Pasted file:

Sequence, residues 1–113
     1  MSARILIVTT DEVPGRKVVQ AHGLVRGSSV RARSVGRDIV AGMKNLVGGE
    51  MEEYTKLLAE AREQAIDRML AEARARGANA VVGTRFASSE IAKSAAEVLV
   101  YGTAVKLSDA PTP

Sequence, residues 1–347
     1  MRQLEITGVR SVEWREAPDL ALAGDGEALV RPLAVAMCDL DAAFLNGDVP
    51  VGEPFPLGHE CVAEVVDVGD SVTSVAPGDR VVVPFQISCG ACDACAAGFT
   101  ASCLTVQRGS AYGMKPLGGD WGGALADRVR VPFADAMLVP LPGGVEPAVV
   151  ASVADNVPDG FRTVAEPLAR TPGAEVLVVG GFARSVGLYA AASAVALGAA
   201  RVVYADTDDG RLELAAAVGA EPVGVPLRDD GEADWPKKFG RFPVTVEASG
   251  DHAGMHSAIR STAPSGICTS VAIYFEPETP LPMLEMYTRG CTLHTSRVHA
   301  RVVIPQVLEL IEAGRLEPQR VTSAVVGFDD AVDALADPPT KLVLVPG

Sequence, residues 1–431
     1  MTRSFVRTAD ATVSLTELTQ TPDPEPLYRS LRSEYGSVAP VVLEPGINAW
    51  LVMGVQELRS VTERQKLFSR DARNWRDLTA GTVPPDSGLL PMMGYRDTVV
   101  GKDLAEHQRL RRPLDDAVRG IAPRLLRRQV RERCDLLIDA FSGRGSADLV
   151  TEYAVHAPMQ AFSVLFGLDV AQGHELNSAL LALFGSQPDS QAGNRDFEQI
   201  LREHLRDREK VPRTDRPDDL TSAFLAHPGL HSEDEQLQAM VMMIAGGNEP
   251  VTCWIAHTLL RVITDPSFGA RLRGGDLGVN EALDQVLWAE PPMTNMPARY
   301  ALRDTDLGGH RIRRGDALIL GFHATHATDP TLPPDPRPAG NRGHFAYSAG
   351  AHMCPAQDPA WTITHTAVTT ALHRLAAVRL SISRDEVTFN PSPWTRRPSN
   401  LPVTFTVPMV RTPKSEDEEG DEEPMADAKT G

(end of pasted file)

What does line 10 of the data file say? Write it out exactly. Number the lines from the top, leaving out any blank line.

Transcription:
   201  RVVYADTDDG RLELAAAVGA EPVGVPLRDD GEADWPKKFG RFPVTVEASG